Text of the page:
If there's one disease that's a pro at travelling, it's the influenza virus. More commonly known as the seasonal flu, the virus tends to trot around the globe depending on the time of the year. Now that it's November, the flu is here in the Northern hemisphere and can be found in parts of Europe, the United States and Canada.
The Public Health Agency of Canada (PHAC) — the governmental arm in charge of Canadians' health — is currently advising potential travellers to visit a healthcare professional (doctors, nurses and even pharmacists in certain provinces are fine) in order to get a flu shot before departing.
But depending on where Canadians may be going, the shot may not be the only vaccination they'll need, says Tim Sly, a professor with the School of Occupational and Public Health at Ryerson University in Toronto.
"Different parts of the world are particularly riskier than others when it comes to diseases, pathogens or organisms," said Sly in a phone call, mentioning places like the Far East where a vaccination may be needed. "In Southeast Asia there's the Hepatitis A and B virus. People going there should visit their doctor and get the vaccination. Don't go the night before, go a week or 10 days before to give enough time for the antibodies to develop and you should be well protected."
Sly also adds that Mexico and the Dominican Republic are two areas known for people falling ill with an upset stomach either while they're there, on the trip back, or shortly after getting back. They're not fatal but as Sly puts it, they interfere with your enjoyment.
"The majority of sickness is spread through food and water. When I go to Mexico or Central America, I tend not to eat green salads because I don't know how they've been washed, where they've been washed and what kind of water that's been used to washed them," said Sly, adding that once food is cooked, it's usually fine.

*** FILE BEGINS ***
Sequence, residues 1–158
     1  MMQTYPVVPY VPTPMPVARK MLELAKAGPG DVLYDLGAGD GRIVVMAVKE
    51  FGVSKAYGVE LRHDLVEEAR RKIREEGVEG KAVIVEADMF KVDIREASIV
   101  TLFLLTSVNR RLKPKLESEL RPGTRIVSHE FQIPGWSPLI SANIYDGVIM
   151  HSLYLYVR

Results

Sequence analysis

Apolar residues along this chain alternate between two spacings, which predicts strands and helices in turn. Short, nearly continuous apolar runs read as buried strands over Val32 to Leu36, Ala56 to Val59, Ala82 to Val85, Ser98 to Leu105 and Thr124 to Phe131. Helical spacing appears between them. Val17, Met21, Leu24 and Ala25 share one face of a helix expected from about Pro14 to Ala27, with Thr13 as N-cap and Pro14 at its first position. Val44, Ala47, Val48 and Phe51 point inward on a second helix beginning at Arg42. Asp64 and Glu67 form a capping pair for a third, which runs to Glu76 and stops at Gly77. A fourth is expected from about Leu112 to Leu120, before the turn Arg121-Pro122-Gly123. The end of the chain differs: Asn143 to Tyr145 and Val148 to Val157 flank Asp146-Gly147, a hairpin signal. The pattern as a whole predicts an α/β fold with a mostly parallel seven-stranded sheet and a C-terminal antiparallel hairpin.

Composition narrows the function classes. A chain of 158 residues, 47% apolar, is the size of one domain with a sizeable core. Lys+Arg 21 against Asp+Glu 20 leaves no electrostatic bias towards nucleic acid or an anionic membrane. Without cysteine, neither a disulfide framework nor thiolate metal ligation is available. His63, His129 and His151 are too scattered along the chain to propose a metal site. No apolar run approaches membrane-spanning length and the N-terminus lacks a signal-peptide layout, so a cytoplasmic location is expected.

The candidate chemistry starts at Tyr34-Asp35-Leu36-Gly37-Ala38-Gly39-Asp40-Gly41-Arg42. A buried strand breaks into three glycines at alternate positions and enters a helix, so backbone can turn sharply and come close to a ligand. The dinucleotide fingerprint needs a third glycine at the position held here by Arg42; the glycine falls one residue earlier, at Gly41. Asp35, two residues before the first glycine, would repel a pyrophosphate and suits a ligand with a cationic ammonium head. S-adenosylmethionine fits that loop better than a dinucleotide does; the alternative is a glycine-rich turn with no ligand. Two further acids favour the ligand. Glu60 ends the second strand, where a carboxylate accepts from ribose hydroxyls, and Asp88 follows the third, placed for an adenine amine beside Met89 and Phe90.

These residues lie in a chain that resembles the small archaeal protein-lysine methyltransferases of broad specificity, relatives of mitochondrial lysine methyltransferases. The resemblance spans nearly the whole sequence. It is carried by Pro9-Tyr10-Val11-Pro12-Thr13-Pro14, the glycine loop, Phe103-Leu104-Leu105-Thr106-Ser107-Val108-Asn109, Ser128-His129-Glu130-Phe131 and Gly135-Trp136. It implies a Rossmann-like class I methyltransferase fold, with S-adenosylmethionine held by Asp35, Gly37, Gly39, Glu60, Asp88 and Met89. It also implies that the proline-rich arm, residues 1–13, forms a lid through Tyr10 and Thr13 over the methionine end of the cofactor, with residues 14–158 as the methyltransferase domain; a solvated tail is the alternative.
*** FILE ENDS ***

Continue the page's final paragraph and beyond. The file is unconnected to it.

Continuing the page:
Seven diseases travellers should watch out for. Story continues below.
While food and water are usual suspect for sickness during travel, one of the biggest sources of diseases comes from a small pest: the mosquito. According to the Centre for Disease Control and Prevention, the mosquito is responsible for the spread of a number of serious diseases, including Dengue Fever, Yellow Fever, Japanese encephalitis and Malaria.
To minimize traveller's chances of getting bite, the PHAC recommends covering up with light-coloured clothing (mosquitoes are more attracted to darker shades of fabric) and using insect repellent on any exposed skin. When staying inside, it's also ideal to use mosquito netting and to keep doors and windows shut to keep out pests. Travellers looking for heavy duty protection can also soak their clothes in repellent, like pyrethrum, for added measure.
Despite, the possibility of catching "break-bone fever" from a bug bite or getting infected with cholera from a poorly washed pineapple, Professor Sly still thinks such scary outcomes shouldn't put a halt to anyone's travel plans and that the best method to prevent illness starts with common sense.
"As we move around the world we shouldn't be curtailed by diseases. We should look at this world before it disappear but a common sense attitude."